Best CPU Coolers 2022: AIO and Air Coolers
The best AIO liquid and air coolers we’ve tested, for overclocked big-rigs, SFF builds and everything in between
Whether you’re after impressive CPU overclocks or just looking to build a PC that’s quiet under load, you should choose your cooler carefully. Picking the best CPU cooler for your processor is a key decision in any CPU upgrade or new PC build. The best CPU cooler will make a major difference in your system’s temps, noise, and even performance — especially if you’re overclocking.
If your CPU cooler can’t keep up with the heat your processor is generating, that may result in lower performance or possibly even a shorter lifespan for your processor–and no one wants that.
Also, don’t forget to consider thermal paste or another thermal interface material (TIM). Most coolers come with some kind of paste, either in a small syringe or packet or pre-applied to the metal cold plate. To make sure you’re getting the most efficient thermal transfer between your CPU and cooler plate, check out the many products we thoroughly tested to find the best thermal paste for your CPU.
11/3/2022 update: We’ve tested some interesting cooling products in recent weeks, including Thermalright’s Contact Frame, designed to correct and protect against the established issue of CPU bending on LGA1700 platforms, and Arctic’s solidly performing and reasonably priced Liquid Freezer II 240 AIO. But at the moment we are hunkered down testing coolers with Intel’s latest flagship, the Core i9-13900K. So stay tuned for a slew of new reviews as we find out what coolers are best for Raptor Lake.
Best CPU Coolers For You
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If you’re not sure if you want to go the air cooling route (a big metal heatsink with fans) or opt for a liquid-cooled AIO (a pump attached to a radiator and fans), there are a few things to consider. Large air coolers tend to take up more internal space in your PC case, or at the very least they need more vertical clearance off your best motherboard, which can limit your case options. Air coolers can also be louder and less efficient than liquid coolers at moving heat away from your CPU and out of the chassis. These days, though, that’s not cut and dry. If you can go the extreme route, there are fanless air cooling options like Noctua’s Colossal NH-P1 as well for the ultimate truly silent cooling option, although you’ll still need case fans to move the warmed air out of your case.
Air coolers usually cost less than AIOs, though that line is also blurring as AIO coolers are getting increasingly affordable, while high-end air coolers reach toward and sometimes above the $100 range. On the extreme air side of the cooling line, the Ice Giant Prosiphon Elite has an MSRP of $170, which competes with many large AIO coolers. And Cooler Master’s MasterLiquid PL360, an admittedly pretty (and pretty big) AIO cooler, is $190.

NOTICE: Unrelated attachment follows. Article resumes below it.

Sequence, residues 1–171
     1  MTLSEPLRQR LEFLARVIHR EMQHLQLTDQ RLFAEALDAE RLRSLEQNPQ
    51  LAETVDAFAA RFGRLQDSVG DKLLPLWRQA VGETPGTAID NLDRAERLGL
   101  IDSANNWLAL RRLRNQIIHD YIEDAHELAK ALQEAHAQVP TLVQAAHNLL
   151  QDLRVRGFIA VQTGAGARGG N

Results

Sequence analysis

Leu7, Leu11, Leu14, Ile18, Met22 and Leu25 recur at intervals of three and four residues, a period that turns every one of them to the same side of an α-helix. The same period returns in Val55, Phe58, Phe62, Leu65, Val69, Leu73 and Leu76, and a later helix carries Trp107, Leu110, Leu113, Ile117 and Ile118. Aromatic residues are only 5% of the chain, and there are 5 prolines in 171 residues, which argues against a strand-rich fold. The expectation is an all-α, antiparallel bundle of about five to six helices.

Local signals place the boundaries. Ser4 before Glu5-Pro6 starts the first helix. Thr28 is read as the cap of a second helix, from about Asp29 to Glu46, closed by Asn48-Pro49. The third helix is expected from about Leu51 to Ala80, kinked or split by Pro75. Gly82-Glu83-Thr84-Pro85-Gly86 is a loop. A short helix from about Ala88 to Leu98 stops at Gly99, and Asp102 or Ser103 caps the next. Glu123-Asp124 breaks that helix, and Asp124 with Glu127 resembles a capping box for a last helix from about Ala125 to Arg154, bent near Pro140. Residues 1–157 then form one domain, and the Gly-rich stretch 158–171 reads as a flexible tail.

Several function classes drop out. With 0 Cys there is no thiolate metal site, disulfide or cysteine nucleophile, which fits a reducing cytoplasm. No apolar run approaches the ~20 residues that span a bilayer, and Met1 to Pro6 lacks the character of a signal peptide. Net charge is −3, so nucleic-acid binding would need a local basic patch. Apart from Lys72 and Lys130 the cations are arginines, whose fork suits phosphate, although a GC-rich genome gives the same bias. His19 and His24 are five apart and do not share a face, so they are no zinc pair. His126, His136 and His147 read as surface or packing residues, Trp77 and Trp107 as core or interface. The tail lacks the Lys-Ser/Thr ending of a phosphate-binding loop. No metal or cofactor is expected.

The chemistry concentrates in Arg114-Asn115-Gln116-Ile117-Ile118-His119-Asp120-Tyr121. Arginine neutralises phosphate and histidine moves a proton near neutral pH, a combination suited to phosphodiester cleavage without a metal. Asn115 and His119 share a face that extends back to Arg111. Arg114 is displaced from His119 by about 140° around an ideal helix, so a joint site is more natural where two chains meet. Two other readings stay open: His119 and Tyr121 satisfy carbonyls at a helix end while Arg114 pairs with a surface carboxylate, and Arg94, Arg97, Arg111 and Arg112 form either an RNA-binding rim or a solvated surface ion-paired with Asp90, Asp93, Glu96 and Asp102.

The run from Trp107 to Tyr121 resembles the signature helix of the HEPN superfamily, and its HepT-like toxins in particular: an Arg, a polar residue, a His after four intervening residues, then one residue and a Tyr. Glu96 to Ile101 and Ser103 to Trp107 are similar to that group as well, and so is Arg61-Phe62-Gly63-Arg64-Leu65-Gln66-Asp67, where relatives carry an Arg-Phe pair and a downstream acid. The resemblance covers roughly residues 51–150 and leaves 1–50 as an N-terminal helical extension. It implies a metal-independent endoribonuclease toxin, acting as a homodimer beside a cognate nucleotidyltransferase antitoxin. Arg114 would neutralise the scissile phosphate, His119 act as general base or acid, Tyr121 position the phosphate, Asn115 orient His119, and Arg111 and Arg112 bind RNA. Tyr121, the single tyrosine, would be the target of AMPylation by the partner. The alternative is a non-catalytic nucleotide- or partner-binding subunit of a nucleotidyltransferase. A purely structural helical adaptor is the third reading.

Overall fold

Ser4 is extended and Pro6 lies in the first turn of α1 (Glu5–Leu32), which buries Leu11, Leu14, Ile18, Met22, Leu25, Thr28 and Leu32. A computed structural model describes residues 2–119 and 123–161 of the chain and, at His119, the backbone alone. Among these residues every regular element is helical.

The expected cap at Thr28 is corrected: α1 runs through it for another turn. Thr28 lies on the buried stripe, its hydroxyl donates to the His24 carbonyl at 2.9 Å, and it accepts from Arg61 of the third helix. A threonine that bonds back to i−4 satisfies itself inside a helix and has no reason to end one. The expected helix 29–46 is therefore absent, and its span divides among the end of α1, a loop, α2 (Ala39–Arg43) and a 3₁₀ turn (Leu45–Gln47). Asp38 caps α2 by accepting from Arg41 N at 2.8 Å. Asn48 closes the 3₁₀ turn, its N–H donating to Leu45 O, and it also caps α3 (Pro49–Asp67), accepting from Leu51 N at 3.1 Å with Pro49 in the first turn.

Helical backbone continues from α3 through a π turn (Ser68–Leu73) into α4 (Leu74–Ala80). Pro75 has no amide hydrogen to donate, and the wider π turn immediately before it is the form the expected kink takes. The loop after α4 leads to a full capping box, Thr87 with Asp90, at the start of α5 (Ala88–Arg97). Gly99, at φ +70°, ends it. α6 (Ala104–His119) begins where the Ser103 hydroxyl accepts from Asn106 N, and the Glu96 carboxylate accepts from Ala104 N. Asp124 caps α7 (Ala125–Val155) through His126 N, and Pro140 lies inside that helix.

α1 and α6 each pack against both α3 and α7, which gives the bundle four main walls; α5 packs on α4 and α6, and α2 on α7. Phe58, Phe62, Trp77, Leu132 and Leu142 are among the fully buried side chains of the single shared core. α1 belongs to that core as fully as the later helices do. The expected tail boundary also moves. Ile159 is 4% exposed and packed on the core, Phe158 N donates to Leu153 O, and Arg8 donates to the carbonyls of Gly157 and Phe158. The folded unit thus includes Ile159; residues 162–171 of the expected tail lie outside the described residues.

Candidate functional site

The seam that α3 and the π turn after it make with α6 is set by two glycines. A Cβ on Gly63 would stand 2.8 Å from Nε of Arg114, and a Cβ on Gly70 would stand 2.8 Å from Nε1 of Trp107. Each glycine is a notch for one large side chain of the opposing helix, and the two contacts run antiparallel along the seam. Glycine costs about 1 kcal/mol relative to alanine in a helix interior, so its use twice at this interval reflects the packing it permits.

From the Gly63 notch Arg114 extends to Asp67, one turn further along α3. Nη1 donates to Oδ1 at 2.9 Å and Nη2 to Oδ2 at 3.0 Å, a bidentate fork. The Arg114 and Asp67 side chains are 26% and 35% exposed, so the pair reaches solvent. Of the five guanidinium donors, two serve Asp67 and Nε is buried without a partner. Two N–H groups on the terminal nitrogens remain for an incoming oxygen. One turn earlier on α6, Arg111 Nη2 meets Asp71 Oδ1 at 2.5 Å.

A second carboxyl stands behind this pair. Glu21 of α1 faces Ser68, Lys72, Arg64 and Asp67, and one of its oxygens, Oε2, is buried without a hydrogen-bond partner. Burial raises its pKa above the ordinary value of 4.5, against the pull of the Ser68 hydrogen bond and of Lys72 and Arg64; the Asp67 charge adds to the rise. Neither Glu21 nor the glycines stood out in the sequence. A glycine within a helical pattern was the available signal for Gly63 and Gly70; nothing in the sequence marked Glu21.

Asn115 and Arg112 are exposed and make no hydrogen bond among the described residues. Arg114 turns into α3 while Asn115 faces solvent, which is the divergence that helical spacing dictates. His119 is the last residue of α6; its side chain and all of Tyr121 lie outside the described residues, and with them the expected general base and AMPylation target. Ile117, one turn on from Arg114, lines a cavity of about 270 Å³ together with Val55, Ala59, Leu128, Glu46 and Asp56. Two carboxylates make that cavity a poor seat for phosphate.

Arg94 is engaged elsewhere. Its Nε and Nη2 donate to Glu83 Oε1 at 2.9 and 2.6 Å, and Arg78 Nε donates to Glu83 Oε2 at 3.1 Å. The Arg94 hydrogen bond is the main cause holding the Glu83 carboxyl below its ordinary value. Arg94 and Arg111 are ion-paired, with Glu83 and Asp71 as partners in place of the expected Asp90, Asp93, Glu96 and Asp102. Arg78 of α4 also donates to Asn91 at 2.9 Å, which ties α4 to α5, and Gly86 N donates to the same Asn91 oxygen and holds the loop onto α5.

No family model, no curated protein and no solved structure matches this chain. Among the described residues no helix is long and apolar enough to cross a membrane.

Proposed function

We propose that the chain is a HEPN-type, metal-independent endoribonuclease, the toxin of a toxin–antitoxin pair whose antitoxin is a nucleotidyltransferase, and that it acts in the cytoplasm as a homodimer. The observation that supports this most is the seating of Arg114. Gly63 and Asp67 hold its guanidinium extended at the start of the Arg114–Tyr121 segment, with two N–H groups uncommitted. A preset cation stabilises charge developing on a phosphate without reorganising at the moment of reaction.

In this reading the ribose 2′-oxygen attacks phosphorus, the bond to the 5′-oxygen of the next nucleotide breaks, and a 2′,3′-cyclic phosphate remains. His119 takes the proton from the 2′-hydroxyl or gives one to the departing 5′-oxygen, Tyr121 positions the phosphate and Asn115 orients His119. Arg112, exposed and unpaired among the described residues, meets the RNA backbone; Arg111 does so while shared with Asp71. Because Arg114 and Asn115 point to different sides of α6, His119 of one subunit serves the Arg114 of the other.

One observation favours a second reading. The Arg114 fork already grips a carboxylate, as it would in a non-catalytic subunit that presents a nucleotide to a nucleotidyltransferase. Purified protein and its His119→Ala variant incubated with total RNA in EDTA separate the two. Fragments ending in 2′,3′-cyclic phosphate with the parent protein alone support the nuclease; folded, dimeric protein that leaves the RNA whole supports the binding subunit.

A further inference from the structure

If money isn’t a major concern and silent operation and low temperatures are important to you, you may want to consider a custom cooling loop. For more on how these tend to perform (and how good they look), check out our Blue Shift build feature. Just know that custom cooling loops are always much more expensive than nearly all other cooling alternatives, and they can make future component upgrades much more complicated.
Our tested picks for air and liquid cooling options are below. But first we’ll discuss some quick shopping tips to help you choose the best CPU cooler for you.
Quick Shopping Tips
When choosing the best CPU cooler for your needs, consider the following:
- Own a recent Ryzen CPU? You may not need to buy a cooler, but it depends on the model. Most Ryzen 2000 and 3000-series processors and some older Ryzen models ship with coolers, and many of them can handle moderate overclocks. But Ryzen 5000 CPUs don’t ship with coolers in the Ryzen 7/9 range. AMD’s first Ryzen 7000 don’t ship with coolers, although previous-gen AMD coolers will work. If you want the best CPU clock speed possible, you’ll usually want to buy an aftermarket cooler anyway. But for many Ryzen owners who don’t plan to push their silicon to the limit, the best CPU cooler might just be the free one in the box or one you already have from a previous build.
- If opting for a large air cooler, be sure to check clearances before buying. Big coolers and low-profile models can bump up against tall RAM and even VRM heatsinks sometimes. And tall coolers can cause clearance issues with your case door or window. Be sure to check the dimensions and advertised clearances of any cooler you’re considering and your case before buying.
- Remember that, all else being equal, more fans equals better cooling, but more noise. The coolers that do the best job of moving warm air away from your CPU and out of your case are also often the loudest. If fan noise is an issue for you, you’ll want a cooler that does a good job of balancing noise and cooling. If you can set your cooler’s fan speeds based on temperatures in your motherboard’s BIOS, that should also help.
For much more detail on how to choose the right cooler (and cooler type) check out our 2022 CPU cooler buying guide.
The Best Air Coolers You Can Buy Today